But we are here in Quito, the capital of Ecuador, and the gal is told that by order of President Rafael Correa, an economist, all hotels must display roses in their lobby. Ecuador is variously said to be the top, or at least among the top, exporters of roses. At top luxury hotel Swissôtel, the roses are changed every week, but certainly during my stay they always looked pristine. Ecuador is very much for Ecuador’s products. The snacks on domestic planes are local, probably salt-free banana or vegetable chips, the chocolate is local, and the people working in hotels are, with the exception of the Peruvian GM and the Italian chef, Ecuadorian.
The Ecuadorians are lovely people, and intensely nationalistic. Saturday and Sunday morning, brunch in Swissôtel’s Café Quito includes a ceviche bar, which attracts some 200 local enthusiasts every morning. Ceviche, or the cebiche of La Mar in the gorgeous Mandarin Oriental Miami, is growing in popularity worldwide, although not generally at breakfast. Here in Quito however no hour is too early for marinated raw seafood, especially if it comes with a range of domestic beers, say Club Premium Negra. But the breakfasts every day are outstanding at Swissôtel Quito.
Café Quito has the most prolific of the offerings, a gigantic open-square buffet that has everything you can think of, including a live chef. Sensibly, this starts at five, which is jolly thoughtful for those leaving for early flights – Mariscal Sucre airport is an hour’s drive away. You can also breakfast up on the top-floor, if you have been clever enough to buy a club-access room: there is a chef up here, too. And if you have a REALLY early flight, as I did my last night, room service offers a Swiss breakfast from four a.m. It arrived on the dot, with a charming young man who told me his name, set up a table. I had half a pint of drinking yoghurt, juice, my choice of fresh fruit and eggs, and a plate of rolled hams and cheeses, with walnuts, a big thermal pot of good coffee, and a basket of warmed croissants, Danish and bread rolls.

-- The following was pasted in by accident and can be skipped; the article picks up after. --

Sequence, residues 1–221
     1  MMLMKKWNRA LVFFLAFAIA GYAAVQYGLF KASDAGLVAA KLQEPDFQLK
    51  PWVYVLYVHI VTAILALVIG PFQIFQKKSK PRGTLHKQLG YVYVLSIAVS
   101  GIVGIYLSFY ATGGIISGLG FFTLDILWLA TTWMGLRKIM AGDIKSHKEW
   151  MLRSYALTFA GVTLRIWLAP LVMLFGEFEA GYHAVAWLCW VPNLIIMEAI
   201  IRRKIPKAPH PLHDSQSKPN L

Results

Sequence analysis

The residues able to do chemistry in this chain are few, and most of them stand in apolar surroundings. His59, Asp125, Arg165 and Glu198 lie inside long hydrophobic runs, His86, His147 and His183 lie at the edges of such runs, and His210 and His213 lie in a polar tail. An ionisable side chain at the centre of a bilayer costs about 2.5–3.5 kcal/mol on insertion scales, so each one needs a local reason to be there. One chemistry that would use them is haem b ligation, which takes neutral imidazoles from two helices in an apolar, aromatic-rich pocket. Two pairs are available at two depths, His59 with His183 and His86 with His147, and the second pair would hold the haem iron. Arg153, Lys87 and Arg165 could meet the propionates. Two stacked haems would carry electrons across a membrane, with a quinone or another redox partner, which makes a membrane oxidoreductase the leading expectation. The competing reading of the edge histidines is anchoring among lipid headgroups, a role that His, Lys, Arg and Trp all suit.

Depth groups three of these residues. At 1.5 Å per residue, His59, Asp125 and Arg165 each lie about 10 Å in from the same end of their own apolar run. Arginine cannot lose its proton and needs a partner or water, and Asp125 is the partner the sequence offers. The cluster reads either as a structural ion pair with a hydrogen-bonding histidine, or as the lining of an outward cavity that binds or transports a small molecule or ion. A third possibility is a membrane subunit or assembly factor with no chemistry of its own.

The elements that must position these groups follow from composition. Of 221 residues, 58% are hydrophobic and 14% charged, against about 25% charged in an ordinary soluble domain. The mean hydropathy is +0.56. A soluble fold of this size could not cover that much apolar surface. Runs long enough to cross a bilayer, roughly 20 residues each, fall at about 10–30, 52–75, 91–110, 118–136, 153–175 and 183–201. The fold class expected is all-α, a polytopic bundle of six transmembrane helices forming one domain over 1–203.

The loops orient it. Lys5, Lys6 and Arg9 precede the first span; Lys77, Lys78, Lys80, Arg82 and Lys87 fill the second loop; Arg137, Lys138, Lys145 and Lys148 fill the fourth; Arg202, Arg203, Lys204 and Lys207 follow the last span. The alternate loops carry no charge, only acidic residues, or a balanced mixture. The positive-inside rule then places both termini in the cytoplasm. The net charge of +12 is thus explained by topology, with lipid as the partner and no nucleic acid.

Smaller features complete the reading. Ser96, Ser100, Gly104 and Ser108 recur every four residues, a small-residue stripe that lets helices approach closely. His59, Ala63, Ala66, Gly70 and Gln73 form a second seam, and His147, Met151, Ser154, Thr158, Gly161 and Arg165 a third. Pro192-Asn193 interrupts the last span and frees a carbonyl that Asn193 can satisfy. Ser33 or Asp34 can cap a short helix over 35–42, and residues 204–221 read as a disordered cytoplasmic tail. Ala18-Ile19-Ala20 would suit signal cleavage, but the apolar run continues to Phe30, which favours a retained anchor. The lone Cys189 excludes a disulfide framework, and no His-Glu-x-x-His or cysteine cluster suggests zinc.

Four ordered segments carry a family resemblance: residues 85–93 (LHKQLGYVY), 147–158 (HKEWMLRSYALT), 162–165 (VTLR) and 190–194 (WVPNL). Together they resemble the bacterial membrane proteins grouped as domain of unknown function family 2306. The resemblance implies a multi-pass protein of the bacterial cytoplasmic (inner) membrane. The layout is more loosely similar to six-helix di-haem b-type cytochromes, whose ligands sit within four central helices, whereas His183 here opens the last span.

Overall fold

On the previous day, I naturally had to take a city tour, at least to visit the Old Town. Quito has two unique features. It is the world’s highest capital, at 9,350 feet above sea level (Bolivia’s capital is legally not La Paz, at 12,087 feet above sea level, but Sucre, down in the lowlands to the east – it is only 9,219 feet above sea level). Quito also has a snake-like shape, 40 miles long by under three miles wide – there is no metro, but six main roads run north to south. For tourists, however, luxury hotels sensibly merely suggest visiting the Old Town, four by four kilometres total, for its straight and narrow cobbled roads that rise and fall as a switchback. This is where you find the Church of San Francisco, La Compania and a myriad other beautiful churches, and more…